Shakespeare was involved in many aspects of London’s professional theatrical world. He was an actor, a playwright, and a shareholder in an acting company known as the Lord Chamberlain’s Men, which became the King’s Men when James I became king in 1603. His plays were performed on professional stages owned by his company--first the Theatre, and then, after 1599, the Globe. (After a property dispute, the Theatre was disassembled and the timbers used to build the Globe). In 1609, his company began using its own indoor theater at Blackfriars. His plays were performed in many other spaces, including the royal court, the universities of Oxford and Cambridge and the Inns of Court, public buildings and outdoor spaces in the provinces, and private households.

The total number of Shakespeare’s plays varies somewhat, depending on who is counting them, and how. The total shifts between 38 and 40 plays as scholars reassess references to his two lost plays--Love’s Labor’s Won and Cardenio--and analyze how large a hand he had in some collaboratively-written plays.

This category includes all publications of his plays, up to and including the First Folio in 1623; all entries for his plays in the Stationers' Register; administrative documents from the National Archives and elsewhere that make reference to his theaters and theater companies; and printed and handwritten references to seeing and/or reading his plays. Read Alan H. Nelson's thematic essay to learn more about lawsuits in Shakespeare's England.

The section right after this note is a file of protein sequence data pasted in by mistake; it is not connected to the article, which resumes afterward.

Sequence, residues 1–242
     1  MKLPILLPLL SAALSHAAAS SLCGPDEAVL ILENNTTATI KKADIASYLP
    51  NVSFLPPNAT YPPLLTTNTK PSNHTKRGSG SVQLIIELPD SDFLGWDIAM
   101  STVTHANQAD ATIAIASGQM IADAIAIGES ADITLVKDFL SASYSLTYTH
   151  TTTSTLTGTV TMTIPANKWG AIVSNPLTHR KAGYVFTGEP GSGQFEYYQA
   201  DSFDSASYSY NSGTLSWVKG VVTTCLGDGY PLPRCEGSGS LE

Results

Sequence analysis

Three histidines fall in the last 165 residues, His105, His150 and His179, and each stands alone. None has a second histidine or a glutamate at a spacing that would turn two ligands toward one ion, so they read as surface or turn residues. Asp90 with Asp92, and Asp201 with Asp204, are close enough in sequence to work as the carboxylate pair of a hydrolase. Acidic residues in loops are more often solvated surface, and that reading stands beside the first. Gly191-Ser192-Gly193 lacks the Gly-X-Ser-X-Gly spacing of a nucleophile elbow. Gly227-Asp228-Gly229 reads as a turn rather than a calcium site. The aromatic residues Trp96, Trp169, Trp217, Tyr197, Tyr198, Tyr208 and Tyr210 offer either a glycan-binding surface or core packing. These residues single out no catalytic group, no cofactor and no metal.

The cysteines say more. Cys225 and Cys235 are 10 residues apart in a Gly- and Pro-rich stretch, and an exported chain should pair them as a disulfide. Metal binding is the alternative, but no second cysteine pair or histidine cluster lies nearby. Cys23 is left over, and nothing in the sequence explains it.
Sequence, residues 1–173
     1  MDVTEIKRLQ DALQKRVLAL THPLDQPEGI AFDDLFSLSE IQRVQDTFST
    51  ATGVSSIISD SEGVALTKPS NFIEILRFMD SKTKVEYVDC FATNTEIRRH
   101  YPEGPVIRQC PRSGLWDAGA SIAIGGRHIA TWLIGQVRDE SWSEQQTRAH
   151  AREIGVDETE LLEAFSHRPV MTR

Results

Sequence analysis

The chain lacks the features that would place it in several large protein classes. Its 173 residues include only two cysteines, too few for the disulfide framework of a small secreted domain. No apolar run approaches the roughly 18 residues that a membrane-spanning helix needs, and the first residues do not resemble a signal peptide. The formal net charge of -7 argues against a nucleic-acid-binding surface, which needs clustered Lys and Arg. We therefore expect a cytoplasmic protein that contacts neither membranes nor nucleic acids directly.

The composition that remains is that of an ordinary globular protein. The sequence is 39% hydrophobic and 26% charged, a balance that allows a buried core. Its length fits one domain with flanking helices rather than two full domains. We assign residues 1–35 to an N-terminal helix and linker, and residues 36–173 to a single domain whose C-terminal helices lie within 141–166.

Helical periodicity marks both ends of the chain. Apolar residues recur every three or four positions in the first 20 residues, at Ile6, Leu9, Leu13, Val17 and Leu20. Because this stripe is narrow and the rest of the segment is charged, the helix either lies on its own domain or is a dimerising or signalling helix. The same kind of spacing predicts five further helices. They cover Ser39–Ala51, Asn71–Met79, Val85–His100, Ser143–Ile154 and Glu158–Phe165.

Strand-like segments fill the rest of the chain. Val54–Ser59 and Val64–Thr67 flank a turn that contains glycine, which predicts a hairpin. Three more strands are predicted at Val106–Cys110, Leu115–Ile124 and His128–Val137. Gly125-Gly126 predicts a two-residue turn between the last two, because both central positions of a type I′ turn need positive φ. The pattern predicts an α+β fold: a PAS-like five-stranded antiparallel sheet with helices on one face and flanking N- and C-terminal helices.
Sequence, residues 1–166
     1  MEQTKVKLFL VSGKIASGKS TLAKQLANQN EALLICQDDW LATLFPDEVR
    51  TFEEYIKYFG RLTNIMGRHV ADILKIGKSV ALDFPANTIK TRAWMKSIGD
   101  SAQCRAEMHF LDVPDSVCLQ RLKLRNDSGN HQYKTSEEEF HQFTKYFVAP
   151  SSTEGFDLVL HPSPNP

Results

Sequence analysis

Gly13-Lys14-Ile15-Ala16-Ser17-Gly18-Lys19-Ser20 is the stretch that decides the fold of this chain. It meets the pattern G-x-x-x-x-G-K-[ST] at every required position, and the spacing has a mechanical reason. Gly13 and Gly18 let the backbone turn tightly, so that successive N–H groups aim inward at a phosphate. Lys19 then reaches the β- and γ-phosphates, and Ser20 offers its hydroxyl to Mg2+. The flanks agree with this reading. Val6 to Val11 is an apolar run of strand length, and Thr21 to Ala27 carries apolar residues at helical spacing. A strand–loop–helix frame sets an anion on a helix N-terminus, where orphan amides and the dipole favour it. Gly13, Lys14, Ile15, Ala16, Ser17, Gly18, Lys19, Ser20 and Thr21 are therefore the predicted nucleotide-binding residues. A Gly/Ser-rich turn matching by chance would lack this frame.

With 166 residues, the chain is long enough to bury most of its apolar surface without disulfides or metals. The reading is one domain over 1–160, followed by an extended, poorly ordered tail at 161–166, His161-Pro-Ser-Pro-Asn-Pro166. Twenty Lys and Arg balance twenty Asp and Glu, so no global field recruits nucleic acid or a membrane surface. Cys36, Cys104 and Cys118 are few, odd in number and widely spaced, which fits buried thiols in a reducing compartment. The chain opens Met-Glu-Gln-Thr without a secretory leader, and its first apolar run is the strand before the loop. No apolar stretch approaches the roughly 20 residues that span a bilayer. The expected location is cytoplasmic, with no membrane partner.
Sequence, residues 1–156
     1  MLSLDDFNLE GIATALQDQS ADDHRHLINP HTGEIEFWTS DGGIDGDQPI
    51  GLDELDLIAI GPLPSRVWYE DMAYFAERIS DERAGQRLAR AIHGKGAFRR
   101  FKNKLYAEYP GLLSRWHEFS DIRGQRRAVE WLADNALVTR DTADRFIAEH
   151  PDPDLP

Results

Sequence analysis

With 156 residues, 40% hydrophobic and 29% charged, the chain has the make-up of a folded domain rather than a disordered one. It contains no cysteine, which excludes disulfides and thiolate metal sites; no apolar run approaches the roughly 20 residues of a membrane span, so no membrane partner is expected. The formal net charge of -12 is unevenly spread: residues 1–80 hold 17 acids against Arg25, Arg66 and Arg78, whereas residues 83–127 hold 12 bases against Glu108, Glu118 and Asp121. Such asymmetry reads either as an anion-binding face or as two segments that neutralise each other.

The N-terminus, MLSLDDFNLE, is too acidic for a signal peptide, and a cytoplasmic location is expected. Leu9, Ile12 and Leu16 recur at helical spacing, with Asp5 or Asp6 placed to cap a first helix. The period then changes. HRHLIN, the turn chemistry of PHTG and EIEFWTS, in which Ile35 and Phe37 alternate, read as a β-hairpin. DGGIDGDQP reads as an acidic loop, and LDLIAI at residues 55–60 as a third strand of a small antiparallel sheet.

Visit the British Library's Shakespeare in Quarto, to learn even more about actorsplayhouses and theater companies in Shakespeare's time, and to view completely digitized copies of Shakespeare's plays.

Our Featured Documents

All Documents

ca. 1620- 1630
This music book, written around 1620-1630, includes a song from Shakespeare’s The Winter’s Tale  (4.4.336), “Get yee hence, for I must goe” (image 2).
SHAKESPEARE DOCUMENTED IS STILL GROWING! Descriptive content and transcriptions will continue to be added, updated and expanded. Check back for regular updates!
The lawsuit shown here, Burbage et al. v. Brend, is of greatest importance in allowing scholars to reconstruct the building of the 1599 Globe playhouse and its 1614 post-fire replacement in considerable financial detail.
ca. 1623- 1633
Humphrey Dyson (1582-1633) was probably the first owner of this copy of the first edition of Troilus and Cressida (1609), now in the Huntington Library. Dyson signed his name on the title page, as he did with many other volumes in his extensive library.
April 8, 1634
The Two Noble Kinsmen was entered into Liber D of the Stationer’s Company on April 8, 1634.
SHAKESPEARE DOCUMENTED IS STILL GROWING! Descriptive content and transcriptions will continue to be added, updated and expanded. Check back for regular updates!
In 1635 Robert Benefield, Heilard Swanston, and Thomas Pollard petitioned the Lord Chamberlain for a redistribution of the profits and proceedings of the Globe playhouse.
1636- 1637
The 1636–7 Revels Office book records that  the royal court witnessed eighteen plays over the Christmas season, from November 17 to February 21, including “the moore of Venice” (December 8), “hamlet” (January 24), and “the tragedie of Cesar” (January
ca. 1620- 1650
A copy of the third edition of William Camden’s Britannia (1590) now in the Huntington Library in San Marino, California, carries an inscription in ink on the lower margin of page 452: et Gulielmo Shakespear Roscio plané nostro
Gesta Grayorum is the published account of entertainments performed at Gray’s Inn over the 1594–5 Christmas season, including a performance of The Comedy of Errors on December 28.